For ITMI, one important requirement was flexible software that it could update as new information became available or based on feedback from clinicians, Benjamin Solomon, chief of ITMI's division of medical genomics, told GenomeWeb. It was also crucial that the software utilize existing standards so that its results could be incorporated into Inova's electronic health record system, enabling clinicians to receive alerts if they prescribe a drug that is known to have no effect or will have a harmful effect on the patient based on pharmacogenetics testing results.

Translational also customized its reports per ITMI's requirements to prioritize the most important information first, Rule said. Rather than listing the drugs alphabetically, ITMI wanted the drugs ordered based on their importance to the patient's care. In the report, drugs are grouped into color-coded categories based on the patient's expected response to them.

First on the list are medicines that the patient will not respond to because of mutations that they have in the genes in the MediMap panel. The next category covers drugs that will have lower efficacy or increased toxicity in the patient but can be prescribed with appropriate adjustments in the dosing regimen. The final category lists drugs that physicians can prescribe using standard regimens.

"It seems like a small thing, but for physicians that are seeing 30 to 40 patients per day, small tweaks like that can make a huge difference in their adoption of pharmacogenetics," Rule said. With the current structure, "they are able to instantly grasp the important part of the test result."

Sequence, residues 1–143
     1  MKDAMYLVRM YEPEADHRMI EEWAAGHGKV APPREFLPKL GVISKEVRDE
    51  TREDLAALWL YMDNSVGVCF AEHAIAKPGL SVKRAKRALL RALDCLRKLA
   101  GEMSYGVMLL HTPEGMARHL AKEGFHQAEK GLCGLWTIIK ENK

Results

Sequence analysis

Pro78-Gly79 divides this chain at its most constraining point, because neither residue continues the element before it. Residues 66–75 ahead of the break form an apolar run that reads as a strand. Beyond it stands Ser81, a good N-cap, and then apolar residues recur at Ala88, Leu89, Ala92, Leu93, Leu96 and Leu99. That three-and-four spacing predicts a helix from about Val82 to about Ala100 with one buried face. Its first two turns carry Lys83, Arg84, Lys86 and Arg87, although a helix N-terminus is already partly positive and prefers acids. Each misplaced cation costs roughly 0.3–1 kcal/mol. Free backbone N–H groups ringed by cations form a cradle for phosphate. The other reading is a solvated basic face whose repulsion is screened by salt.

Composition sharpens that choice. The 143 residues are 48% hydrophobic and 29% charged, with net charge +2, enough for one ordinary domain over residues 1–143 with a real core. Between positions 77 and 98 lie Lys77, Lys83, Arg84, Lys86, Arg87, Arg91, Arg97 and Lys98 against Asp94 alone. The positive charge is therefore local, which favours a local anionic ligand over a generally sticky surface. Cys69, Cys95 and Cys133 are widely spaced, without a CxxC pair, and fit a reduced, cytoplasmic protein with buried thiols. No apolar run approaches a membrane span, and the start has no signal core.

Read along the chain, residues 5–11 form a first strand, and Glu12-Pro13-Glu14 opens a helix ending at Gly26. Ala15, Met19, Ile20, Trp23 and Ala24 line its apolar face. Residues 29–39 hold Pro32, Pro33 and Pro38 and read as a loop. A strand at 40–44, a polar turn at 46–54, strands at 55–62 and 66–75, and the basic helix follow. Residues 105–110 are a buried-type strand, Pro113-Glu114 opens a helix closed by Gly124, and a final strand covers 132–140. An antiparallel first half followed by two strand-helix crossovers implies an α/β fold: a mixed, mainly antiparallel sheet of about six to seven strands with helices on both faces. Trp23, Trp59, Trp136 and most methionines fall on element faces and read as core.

The report includes information for each of the 21 drugs associated with the genes in the panel. It includes dosing regimens for all of the drugs that physicians can safely prescribe — including amended dosing regimens for drugs that could have some adverse impact on the patient — as well as alternatives for drugs that MediMap testing shows the patient will not respond to. It also includes information on patients' genotype and phenotype for tested genes as well as the clinical consequences in each case. "We actually do sort of a preprocessing of the variants that we get and turn them into haplotype calls that can be pushed back into the electronic medical record," Rule explained.